Glick acknowledged that many who disagreed with her posture on the rezoning claimed she was catering to wealthy Soho residents opposed to development in the historic area. But, she argued, Soho has many residents who are not wealthy, including artists — and, often, the surviving partners of artists — whose residences do not enjoy sufficient protection under the rezoning. Upzoning, she said, incentivizes the demolition of smaller, older buildings, with rezonings across the city in recent years misplacing more tenants than those served by new affordable units.
“So that model hasn’t worked,” Glick said, voicing disappointment that City Planning had not taken objections to the rezoning more seriously.
On the issue of streetscapes, Kessler is a proponent of expanding the network of protected bike lanes, but takes particular issue with Glick’s opposition to the street dining sheds that proliferated during the pandemic crisis.
“Manhattanites like outdoor dining,” he said, charging his opponent is more concerned about preserving parking space for cars, which he said 94 percent of borough residents don’t use to get to work.
In a February rally against the plan to make outdoor dining sheds permanent, Glick argued she is the candidate representing the wishes of district residents, who live upstairs from the sheds that critics charge create noise, draw rats, and block access for residential deliveries.
“We have to talk about equity. The only people who can eat at those sheds have money,” Glick said, according to thevillagesun.com. “They want to talk about equity — let’s talk about equity!”
On a host of other issues generally viewed as progressive goals — including enactment of Gottfried’s New York Health Act creating a single payer, universal access system and preservation of the bail reforms enacted in 2019 but now being challenged by Mayor Eric Adams and, more quietly, Governor Kathy Hochul — Glick and Kessler are sounding much the same notes.
One curious issue on which Kessler has chosen to draw distinctions is women’s reproductive health, an area in which Glick has long been a recognized leader. In 2019, a year and a half before Donald Trump locked in a 6-3 conservative majority on the Supreme Court with the appointment of Justice Amy Coney Barrett, Glick along with her Manhattan Senate colleague Liz Kruger succeeded in putting the protections of Roe v. Wade into state law. With a pending high court ruling on a new abortion curb in Mississippi widely predicted to limit the guarantee of abortion availability to just 15 weeks if not gut Roe completely, that move in Albany seems prescient.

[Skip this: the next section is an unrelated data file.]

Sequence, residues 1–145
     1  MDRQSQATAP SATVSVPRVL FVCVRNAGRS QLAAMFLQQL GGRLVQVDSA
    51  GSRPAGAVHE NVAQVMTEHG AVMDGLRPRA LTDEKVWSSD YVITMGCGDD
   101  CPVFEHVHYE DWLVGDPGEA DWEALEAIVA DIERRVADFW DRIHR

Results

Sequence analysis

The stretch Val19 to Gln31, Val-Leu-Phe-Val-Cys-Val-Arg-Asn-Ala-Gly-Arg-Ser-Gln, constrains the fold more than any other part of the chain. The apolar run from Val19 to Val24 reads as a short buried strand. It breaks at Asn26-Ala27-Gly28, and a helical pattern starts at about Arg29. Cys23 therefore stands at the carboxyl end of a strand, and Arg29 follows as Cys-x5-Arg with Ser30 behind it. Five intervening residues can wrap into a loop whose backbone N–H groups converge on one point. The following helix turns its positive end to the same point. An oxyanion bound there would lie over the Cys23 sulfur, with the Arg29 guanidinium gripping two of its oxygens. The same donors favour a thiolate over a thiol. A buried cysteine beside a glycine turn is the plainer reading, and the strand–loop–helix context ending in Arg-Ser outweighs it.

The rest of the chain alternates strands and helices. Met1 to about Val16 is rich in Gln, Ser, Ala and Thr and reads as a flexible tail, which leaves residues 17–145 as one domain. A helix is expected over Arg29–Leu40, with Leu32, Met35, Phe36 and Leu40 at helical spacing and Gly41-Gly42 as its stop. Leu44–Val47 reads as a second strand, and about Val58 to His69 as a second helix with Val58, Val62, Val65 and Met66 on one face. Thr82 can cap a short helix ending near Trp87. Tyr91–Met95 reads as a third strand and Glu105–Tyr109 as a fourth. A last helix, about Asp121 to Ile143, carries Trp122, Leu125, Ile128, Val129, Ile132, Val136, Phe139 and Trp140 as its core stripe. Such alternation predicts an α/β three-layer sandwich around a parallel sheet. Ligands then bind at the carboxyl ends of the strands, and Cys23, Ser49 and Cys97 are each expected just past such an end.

Describing the codification of Roe in state law as “one of my proudest achievements,” Glick said she and Kruger “were told, ‘Why do we have to do this? There is no danger.’ We said, ‘Yes there is. Our abortion law was adopted pre-Roe and does not contain all its protections.’”
Kessler faulted Glick, however, on the issue of reproductive healthcare access, noting that the Higher Education Committee she chairs has not yet taken up a measure allowing women to receive birth control directly from pharmacists, without need for a doctor’s prescription. Glick said that the issue involves changes to the scope of practice allowed for pharmacists under state law, technicalities that would likely be resolved once the Legislature approves a new budget on April 1.
Kessler argues that since Democrats finally gained control of the State Senate in 2019, after years of Republican domination, it has been the lopsidedly Democratic Assembly that became the “chokepoint” slowing down movement on progressive goals.
That’s a position Glick dismissed out of hand.
“The Senate had 20 years of our progressive agenda to draw on,” she said. “What they worked on was an enormous backlog of Assembly efforts.” Adding she appreciates her Senate colleagues’ efforts, she said, “We’re happy that we have broken a logjam there.”
Glick stirred a social media outcry last fall when she tweeted about how “religious zealotry” blocks efforts to contain population growth that “has stressed the planet.” Kessler posted that tweet on his website, along with a response terming Glick’s posture as “eugenics.” Asked to explain that link, Kessler pointed to a 2016 City and State op ed in which she suggested reconsideration of whether the federal child tax credit should be extended for a family’s “fifth or ninth child.”
Glick, asked about the 2016 article, said that the revaluation of measures like tax credits regarding their impact on policy goals is unremarkable. Her larger point, she said, was to challenge both cultural attitudes and legal restrictions — including the Mississippi law before the Supreme Court — that aim to lock in “mandatory maternity.”
She also said, “Obviously somebody has done a lot of opposition research.”